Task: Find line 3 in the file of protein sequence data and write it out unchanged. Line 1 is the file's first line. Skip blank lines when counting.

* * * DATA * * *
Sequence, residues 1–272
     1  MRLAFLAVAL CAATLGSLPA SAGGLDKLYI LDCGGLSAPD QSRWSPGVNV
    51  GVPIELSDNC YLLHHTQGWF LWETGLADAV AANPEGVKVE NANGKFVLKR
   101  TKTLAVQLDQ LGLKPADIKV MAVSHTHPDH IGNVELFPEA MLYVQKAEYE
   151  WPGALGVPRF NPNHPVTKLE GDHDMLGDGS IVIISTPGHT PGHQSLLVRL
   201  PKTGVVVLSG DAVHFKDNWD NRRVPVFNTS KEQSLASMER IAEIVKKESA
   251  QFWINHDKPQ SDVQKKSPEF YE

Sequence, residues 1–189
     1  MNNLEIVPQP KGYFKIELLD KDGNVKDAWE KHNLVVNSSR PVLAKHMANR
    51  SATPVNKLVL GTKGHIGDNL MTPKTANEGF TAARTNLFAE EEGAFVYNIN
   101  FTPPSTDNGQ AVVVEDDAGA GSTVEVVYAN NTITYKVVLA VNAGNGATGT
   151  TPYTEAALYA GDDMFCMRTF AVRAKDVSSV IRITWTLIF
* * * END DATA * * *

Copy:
    51  GVPIELSDNC YLLHHTQGWF LWETGLADAV AANPEGVKVE NANGKFVLKR